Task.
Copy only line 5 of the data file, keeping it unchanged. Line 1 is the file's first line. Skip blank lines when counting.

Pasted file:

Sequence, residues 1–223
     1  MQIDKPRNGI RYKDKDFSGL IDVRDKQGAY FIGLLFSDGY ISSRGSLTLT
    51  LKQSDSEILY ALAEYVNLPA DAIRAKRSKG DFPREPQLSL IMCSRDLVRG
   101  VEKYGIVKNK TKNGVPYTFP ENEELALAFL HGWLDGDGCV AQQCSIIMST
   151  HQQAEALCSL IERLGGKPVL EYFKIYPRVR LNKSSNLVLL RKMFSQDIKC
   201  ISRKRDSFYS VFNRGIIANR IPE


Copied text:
   151  HQQAEALCSL IERLGGKPVL EYFKIYPRVR LNKSSNLVLL RKMFSQDIKC